Posted 13th March 2018 | 2 Comments

Campaigners welcome Crewe HS2 commitment

High Speed rail group Greengauge21 said the present station ‘is badly out-dated, with poor road access and a poor track layout’

CAMPAIGNERS have welcomed the government’s commitment to develop Crewe as an integrated high-speed rail and conventional rail hub by 2027.

Transport secretary Chris Grayling told the House of Commons on 12 March: “I am pleased to inform the House that we have published our consultation response on taking forward the vision of a Crewe Hub. This response signals how our plans will support that vision and allow for the introduction of an additional HS2 service to Stoke-on-Trent.

“To enable this, we will amend our plans for HS2 Phase 2A, from Birmingham to Crewe. This includes 400 metre platforms at Crewe, which allow longer HS2 trains to split and join, opening up opportunities to serve more destinations including Stoke-on-Trent and enabling more people to access high speed, long distance services.

“We also intend to ask the franchise operator West Coast Partnership to include a high speed service to Stoke-on-Trent in its market development and service plans.”

High Speed rail group Greengauge21 said the present station, which was partly modernised in the 1960s when the West Coast route between London and the north west was being electrified, ‘is badly out-dated, with poor road access and a poor track layout’.

Crewe was once the most important provincial intercity junction in Britain, immortalised by the words of the music hall song ‘Oh, Mr Porter’, but this key role has long since passed to Birmingham New Street. Even so, Crewe remains important. Passenger numbers have been growing strongly – reaching 3 million users a year in 2010/1 and 4.5 million in 2016/7. It still provides a key connection between lines running north-south, north east-south west and north west-south east, and this means it is also vital to freight. Its major yard is used to remarshal trains and change crews.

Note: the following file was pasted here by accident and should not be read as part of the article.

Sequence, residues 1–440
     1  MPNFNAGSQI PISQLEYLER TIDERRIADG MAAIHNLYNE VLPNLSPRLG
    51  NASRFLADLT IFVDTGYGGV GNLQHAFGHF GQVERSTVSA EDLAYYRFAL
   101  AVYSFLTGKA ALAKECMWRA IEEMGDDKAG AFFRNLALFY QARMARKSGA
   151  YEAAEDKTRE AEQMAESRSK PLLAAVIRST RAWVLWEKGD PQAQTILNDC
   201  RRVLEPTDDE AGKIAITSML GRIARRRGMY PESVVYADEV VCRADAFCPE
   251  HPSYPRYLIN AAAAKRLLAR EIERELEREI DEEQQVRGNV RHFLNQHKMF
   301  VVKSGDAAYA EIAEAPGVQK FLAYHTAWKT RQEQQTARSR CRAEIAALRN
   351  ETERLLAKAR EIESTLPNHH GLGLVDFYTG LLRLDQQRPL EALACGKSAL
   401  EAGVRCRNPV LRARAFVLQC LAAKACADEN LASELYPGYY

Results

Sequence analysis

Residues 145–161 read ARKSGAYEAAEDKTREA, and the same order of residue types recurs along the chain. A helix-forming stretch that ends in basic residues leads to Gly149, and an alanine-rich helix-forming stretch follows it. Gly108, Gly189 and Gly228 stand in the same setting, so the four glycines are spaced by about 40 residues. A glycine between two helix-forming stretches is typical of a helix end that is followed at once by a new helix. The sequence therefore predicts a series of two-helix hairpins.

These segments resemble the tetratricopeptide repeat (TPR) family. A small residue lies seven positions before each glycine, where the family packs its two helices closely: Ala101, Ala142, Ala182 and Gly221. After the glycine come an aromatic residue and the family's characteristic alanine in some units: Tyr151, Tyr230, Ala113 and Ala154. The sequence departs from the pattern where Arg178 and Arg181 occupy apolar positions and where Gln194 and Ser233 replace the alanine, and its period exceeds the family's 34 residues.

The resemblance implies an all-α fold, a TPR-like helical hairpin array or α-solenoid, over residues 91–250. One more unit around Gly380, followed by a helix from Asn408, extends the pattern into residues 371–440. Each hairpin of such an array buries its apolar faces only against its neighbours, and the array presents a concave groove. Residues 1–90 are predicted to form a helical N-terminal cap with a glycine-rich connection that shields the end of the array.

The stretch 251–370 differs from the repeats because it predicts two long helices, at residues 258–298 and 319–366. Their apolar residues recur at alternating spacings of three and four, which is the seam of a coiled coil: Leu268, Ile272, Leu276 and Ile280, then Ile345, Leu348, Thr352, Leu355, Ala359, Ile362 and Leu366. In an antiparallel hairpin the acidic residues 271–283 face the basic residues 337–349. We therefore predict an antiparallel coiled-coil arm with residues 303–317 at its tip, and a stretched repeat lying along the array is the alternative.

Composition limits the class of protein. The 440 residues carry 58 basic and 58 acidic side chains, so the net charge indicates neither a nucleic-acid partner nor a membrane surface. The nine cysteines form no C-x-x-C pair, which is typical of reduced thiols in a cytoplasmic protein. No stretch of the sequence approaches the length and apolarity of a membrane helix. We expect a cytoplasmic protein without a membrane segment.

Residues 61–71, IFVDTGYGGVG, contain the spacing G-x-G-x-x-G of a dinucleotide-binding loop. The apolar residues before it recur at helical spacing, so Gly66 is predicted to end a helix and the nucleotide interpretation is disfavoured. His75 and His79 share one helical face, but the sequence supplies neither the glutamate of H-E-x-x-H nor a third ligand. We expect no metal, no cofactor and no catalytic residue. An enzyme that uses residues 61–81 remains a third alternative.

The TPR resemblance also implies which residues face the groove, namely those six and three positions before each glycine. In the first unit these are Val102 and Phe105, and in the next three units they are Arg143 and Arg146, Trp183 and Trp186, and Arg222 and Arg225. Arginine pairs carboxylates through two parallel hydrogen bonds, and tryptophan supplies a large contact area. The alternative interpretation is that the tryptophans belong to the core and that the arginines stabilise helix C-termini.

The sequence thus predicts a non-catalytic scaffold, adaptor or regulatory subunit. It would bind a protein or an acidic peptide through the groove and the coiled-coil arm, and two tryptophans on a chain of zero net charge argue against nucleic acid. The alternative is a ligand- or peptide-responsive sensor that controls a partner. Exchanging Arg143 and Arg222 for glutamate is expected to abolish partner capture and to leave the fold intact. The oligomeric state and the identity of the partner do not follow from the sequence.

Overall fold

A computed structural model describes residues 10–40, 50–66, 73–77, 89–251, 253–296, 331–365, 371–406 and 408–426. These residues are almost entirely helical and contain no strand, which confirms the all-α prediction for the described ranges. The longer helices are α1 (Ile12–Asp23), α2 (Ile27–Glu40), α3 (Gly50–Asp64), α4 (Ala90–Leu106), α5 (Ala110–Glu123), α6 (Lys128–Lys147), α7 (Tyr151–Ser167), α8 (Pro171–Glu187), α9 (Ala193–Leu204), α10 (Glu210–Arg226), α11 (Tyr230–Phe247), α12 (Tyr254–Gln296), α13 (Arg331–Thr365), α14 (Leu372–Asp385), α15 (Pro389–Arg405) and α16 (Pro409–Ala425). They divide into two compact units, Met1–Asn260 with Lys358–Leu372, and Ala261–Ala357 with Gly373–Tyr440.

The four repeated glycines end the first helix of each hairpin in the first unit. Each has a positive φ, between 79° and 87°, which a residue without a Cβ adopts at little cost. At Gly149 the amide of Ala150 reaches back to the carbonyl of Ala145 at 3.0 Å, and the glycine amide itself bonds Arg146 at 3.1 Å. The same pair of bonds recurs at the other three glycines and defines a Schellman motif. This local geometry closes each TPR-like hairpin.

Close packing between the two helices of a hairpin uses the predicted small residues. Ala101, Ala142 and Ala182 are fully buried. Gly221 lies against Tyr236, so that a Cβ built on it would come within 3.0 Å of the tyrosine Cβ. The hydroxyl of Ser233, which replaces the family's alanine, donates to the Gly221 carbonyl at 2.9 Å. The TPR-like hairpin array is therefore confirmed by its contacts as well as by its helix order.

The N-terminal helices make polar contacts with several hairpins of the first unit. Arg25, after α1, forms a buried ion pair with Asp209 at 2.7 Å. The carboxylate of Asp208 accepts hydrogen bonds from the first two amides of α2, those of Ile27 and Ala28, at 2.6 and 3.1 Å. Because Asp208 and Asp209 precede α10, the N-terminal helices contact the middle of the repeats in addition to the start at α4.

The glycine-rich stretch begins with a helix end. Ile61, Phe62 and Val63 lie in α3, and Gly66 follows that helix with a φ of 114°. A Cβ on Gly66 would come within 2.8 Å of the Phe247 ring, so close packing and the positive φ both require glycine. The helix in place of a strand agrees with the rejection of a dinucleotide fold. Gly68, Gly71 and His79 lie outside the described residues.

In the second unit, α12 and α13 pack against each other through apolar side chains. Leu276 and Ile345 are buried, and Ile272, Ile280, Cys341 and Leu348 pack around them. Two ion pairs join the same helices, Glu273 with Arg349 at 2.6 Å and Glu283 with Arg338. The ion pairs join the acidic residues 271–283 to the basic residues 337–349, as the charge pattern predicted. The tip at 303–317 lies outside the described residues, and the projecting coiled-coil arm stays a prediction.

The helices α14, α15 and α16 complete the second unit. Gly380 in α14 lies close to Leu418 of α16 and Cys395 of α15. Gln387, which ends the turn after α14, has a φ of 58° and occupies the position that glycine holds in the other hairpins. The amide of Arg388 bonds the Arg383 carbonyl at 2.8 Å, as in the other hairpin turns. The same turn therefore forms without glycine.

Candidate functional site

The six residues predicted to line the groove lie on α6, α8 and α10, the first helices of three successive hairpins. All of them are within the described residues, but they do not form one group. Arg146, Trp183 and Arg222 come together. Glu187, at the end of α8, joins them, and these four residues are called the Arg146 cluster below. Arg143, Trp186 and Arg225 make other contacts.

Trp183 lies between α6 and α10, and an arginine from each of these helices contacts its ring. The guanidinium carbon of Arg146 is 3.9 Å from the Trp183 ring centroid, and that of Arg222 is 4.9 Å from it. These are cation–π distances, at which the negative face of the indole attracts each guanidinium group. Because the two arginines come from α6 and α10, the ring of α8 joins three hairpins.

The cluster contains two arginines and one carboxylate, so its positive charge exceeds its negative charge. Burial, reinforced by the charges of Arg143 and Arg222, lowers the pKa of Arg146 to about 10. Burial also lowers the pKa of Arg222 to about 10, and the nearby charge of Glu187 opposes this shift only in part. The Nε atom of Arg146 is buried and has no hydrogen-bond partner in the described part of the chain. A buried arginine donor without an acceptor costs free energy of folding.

The government statement followed a consultation which received strongly positive responses to the idea of a Crewe Hub. The Constellation Partnership and Growth Track 360, along with Cheshire East County Council and the Warrington and Cheshire LEP had been pressing for investment at Crewe, which will also support the major regeneration and growth plans that depend on it.

Greengauge21 commented: ‘Planning how best to fit in HS2 services when they arrive in 2027 requires very careful planning.’

By 2027, Crewe will be just 55 minutes from London.

Reader Comments:

Views expressed in submitted comments are that of the author, and not necessarily shared by Railnews.

  • Graham Nalty, Derby

    The proposed HS2 service from London to Stoke on Trent will also call at Stafford. As a result only about 5 -10 minutes will be saved off the present Pendolino service. But if the Meaford Curve line was built, London to Stoke could be reduced to under an hour. . But there is no mention of how HS2 trains calling at Stoke could travel to Crewe to rejoin HS2 going north. Will there be through trains from Stoke to Liverpool and Chester? Having to change at Crewe for such short journeys will make rail uncompetitive. A lot more important details need to be worked out.

  • Chris Neville-Smith, Durham

    For me, the notable detail isn't Crewe getting a new station, but Stoke getting an HS2 service.

    Stoke, I always felt, got a raw deal under the plans. Most cities got a better service or, at worse, gaining in some areas and losing in others, but Stoke was the anomaly where the negatives stood to outweigh the positives.

    The limiting factor was the train paths to London. If rebuilding Crewe station and adding a northern link enables splitting of services which in turn enables services to Stoke, that's a good thing.